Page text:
The Reds weren’t the only team in the satin game during that era. The Brooklyn Dodgers, St. Louis Cardinals and Boston Braves also donned satin uniforms during the era. Cool stuff.
Alright, back to the BP Jersey…
This design update coincides with a complete refresh of the MLB BP jersey design from Majestic. Uni Watch has a bit more on the subject, including a note that the Reds are the only team to make a drastic departure from what they have done in the past with their pre-game garb. From Uni Watch:
I’ve seen all the other new BP designs, and while I’m not at liberty to show them to you, I can tell you this: Not a single one of them feels retro-ish, and all of them are very much in keeping with their teams’ respective identity system. Only the Reds have used the new BP garb as a canvas for something new (even if it’s based on something old). I kinda like it, at least the part you can see there in the photo.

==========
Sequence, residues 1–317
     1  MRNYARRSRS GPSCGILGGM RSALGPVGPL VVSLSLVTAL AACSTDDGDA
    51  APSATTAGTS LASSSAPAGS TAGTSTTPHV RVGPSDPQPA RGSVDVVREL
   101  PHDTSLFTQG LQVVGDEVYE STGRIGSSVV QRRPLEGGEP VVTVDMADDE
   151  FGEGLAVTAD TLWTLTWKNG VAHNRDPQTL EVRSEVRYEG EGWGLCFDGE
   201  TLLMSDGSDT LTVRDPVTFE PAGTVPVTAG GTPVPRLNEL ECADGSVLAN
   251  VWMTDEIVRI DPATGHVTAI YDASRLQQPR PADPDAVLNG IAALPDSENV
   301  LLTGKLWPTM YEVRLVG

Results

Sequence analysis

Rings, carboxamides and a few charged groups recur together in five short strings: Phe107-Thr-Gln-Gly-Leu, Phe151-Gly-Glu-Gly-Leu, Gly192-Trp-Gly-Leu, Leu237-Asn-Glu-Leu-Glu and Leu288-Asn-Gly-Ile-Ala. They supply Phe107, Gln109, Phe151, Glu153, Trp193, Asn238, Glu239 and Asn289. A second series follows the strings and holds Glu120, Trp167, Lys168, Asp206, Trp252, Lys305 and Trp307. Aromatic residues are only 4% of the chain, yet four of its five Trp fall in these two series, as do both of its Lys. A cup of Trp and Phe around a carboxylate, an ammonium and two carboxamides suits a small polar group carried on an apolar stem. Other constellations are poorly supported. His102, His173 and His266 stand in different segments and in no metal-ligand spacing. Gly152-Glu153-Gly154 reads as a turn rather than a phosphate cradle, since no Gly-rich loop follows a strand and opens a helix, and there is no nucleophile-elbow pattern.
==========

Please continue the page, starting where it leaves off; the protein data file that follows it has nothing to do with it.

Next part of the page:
While the script really caught us off guard, the more we think about it, the more we like it… or at least like the risk involved in going with an unexpected design. Look at it this way: if you’re going to play around with your equity a bit and give the fans something new to look at and/or purchase, do it on a batting practice jersey. It’s the perfect canvas to stretch your equity without bastardizing your brand – namely ruining your game uniforms. If this showed up on a gamer we’d be having a whole other conversation, right? Right.
Now, that actual fabric and construction of this jersey is really something to love. It’s a massive upgrade from the previous set of BPs. The new Majestic Cool Base material is a heavier weight, giving the jersey a more substantial feel.
The Reds’ script is sewn on directly to the jersey using two independent layers of twill to create the drop shadow. Another huge improvement compared to the “iron-on” look and feel of the previous designs. The Reds confirmed with us that the player name and number will be sewn directly on to the jersey, unlike the previous iteration. As they should be.